When service information is lacking, a little inventiveness is often required.
The following case study is an example of why you must think beyond the information we are given in service publications. The vehicle in question is a 2013 Ford Flex with a B107D code in the liftgate module. The code is described by the scan tool screen as Obstacle Detected While Closing. The liftgate opens normally but will not fully close before reversing itself. The liftgate must be closed manually.
Assumed skill level
We followed the code chart for the B107D code, which leads us to pinpoint chart D in the Power Liftgate section of the service manual. In the opening paragraph of the chart we find a message that reads “Diagnostics in this manual assume a certain skill level and knowledge of Ford-specific diagnostic practices” and a link to a very good description of the liftgate inputs, outputs, operation and components.
There are no specifications for the components in this section. The next section of the trouble chart lists the faults and possible causes. Note that there is no information on how the code sets, only possible causes.
What follows is a series of tests including disabling the power liftgate to check for anything binding the door, checking the position sensor, checking the latch and position switches, component electrical connections and pin condition. Finally, if you can find no faults in any of this you are instructed to replace the Liftgate Module.
No faults revealed
The above-mentioned tests were performed and revealed no faults. According to the service manual, this vehicle requires a Liftgate Module.
We questioned the finding at this point because the mechanism didn’t feel like it was binding—all the tests passed and there were no component codes.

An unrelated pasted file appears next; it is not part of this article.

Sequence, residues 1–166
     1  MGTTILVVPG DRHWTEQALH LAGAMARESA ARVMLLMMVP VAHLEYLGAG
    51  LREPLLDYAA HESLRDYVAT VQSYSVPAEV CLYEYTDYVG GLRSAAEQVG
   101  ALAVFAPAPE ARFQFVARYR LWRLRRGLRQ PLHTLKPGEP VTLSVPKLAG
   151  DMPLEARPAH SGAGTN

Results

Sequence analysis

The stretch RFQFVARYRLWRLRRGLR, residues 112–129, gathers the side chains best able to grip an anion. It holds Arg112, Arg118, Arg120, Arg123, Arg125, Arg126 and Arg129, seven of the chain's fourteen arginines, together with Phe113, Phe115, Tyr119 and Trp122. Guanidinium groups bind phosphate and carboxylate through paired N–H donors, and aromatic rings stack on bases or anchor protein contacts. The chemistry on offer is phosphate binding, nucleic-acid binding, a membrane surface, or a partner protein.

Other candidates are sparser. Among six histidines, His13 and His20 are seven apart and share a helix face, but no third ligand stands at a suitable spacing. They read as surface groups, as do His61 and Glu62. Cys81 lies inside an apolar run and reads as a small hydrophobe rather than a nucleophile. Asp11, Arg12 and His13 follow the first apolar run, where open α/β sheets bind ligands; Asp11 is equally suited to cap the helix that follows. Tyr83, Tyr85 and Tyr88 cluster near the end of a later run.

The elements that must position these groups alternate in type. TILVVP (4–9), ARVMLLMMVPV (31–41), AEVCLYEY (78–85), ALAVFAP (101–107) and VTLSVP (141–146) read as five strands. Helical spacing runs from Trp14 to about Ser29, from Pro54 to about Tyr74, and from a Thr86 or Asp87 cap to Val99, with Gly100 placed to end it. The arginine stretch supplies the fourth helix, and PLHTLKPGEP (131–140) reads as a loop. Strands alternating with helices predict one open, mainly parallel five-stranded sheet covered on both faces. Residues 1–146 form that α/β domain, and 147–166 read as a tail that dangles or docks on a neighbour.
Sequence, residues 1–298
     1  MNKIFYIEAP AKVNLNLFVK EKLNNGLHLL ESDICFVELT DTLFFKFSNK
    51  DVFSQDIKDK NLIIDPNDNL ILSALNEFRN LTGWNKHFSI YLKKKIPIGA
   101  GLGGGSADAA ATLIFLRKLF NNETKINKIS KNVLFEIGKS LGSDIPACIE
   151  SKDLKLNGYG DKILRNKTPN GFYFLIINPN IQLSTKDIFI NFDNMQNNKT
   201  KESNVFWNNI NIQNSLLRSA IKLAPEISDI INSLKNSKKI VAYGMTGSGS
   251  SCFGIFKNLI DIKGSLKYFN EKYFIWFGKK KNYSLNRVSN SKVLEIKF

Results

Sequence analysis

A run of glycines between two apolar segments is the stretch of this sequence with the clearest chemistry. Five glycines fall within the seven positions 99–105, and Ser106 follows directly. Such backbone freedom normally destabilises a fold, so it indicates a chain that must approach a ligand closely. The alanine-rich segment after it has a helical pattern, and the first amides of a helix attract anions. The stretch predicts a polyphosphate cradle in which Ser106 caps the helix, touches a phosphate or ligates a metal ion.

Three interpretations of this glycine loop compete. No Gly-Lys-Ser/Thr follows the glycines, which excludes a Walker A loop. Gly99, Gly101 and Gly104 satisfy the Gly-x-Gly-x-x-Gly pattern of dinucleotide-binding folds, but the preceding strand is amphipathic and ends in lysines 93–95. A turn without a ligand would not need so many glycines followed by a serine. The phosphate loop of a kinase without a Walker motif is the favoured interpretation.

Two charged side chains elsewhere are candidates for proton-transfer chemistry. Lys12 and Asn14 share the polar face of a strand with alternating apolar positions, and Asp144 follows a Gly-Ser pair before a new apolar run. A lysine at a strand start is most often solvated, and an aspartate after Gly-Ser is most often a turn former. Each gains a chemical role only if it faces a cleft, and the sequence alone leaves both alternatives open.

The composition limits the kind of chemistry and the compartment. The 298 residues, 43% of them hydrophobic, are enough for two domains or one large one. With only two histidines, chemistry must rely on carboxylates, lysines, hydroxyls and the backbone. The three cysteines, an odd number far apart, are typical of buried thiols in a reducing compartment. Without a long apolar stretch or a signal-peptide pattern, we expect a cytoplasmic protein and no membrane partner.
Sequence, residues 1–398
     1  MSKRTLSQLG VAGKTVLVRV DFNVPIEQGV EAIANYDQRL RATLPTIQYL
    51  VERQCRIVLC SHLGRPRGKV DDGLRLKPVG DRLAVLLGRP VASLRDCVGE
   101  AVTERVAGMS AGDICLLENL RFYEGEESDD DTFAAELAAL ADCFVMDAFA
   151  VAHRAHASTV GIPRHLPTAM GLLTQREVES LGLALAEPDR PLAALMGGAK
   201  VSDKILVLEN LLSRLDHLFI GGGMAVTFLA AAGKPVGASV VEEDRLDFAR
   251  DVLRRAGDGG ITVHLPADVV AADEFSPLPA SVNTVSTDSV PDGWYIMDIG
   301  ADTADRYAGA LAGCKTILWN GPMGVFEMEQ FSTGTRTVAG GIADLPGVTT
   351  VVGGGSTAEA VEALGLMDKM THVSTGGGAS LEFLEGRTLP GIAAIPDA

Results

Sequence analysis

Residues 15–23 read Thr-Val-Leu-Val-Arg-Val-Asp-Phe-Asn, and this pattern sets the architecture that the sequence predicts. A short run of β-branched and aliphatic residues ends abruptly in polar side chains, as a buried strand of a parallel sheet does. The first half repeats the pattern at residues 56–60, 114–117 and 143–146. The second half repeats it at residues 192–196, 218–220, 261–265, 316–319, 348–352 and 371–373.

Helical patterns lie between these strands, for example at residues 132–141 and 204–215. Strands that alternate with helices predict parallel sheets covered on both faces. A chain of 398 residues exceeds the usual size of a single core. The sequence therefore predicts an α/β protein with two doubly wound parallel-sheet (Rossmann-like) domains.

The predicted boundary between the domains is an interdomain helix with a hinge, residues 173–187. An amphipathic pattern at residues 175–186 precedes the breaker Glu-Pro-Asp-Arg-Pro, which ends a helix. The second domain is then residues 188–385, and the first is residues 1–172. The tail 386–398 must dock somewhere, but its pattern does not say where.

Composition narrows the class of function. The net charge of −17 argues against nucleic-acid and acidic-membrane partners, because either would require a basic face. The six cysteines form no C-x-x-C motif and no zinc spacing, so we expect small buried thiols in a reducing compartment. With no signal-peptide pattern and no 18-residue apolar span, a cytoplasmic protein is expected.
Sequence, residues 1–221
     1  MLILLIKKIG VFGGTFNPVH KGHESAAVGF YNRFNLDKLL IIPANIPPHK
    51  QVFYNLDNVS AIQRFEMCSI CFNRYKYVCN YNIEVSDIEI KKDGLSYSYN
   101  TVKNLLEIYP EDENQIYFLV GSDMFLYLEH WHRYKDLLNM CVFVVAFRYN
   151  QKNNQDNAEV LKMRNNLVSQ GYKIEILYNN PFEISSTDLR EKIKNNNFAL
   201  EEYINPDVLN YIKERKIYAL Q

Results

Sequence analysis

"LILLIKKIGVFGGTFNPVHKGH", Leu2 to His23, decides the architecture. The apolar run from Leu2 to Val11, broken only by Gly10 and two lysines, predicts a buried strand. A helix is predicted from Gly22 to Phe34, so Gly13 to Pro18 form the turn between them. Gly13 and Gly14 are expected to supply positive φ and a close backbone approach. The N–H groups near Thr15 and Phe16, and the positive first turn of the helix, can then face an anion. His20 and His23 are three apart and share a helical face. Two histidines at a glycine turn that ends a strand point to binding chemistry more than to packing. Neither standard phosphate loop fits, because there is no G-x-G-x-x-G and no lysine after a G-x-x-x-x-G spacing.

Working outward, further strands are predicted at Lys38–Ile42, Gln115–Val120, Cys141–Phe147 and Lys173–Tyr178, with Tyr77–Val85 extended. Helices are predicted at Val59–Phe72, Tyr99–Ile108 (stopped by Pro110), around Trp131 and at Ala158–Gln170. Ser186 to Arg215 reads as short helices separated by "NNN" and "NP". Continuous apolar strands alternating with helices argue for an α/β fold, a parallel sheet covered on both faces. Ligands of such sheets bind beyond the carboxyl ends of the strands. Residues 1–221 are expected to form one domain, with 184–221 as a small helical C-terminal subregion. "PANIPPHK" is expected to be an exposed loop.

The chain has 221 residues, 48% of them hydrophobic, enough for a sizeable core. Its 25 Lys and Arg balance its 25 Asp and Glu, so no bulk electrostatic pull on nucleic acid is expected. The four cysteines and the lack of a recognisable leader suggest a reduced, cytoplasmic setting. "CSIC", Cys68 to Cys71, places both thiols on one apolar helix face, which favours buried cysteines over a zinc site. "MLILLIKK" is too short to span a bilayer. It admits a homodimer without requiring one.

This is where the lack of information starts to play into our scenario. If we knew exactly how the code was set instead of a list of possible causes, we would be much further ahead. So how does the code set? To our way of thinking the TLM (tailgate trunk module) uses the various latch switches to determine if the liftgate is open, closed or somewhere in between.
In the description and operation section there is mention of a pinch strip and position sensor. As stated in the service literature, the position sensor measures position and velocity of the door opening and closing. The pinch strip measures to see if there are any obstructions. If the gate was not moving fast enough, we reasoned that this could set the code. We then measured the current from the motor to determine how hard the motor was working to close the door. Since there are no specifications on how much current the motor should draw, we used the fuse as a guide.
Looking at the wiring diagram, the liftgate motor is protected by a 30-amp fuse. As a rule of thumb, we expect the circuit to draw about half of the fuse rating, in our case about 15 amps. We measured the liftgate motor amperage while operating the door and measured the amperage between 22 and 25 amps. This is getting very close to the fuse rating and indicated to us that the motor was working too hard. Also, we knew that when an electric motor slows down the amperage goes up. Both these indicators show that the door was moving too slowly. We replaced the liftgate motor and fixed the vehicle.
With a better description of what sets the code and some basic specifications on motor current, this issue could have been diagnosed much faster. Instead we were forced to think beyond the service information to try to determine the cause of the failure. If the required information was readily available, think how much easier diagnostics would be.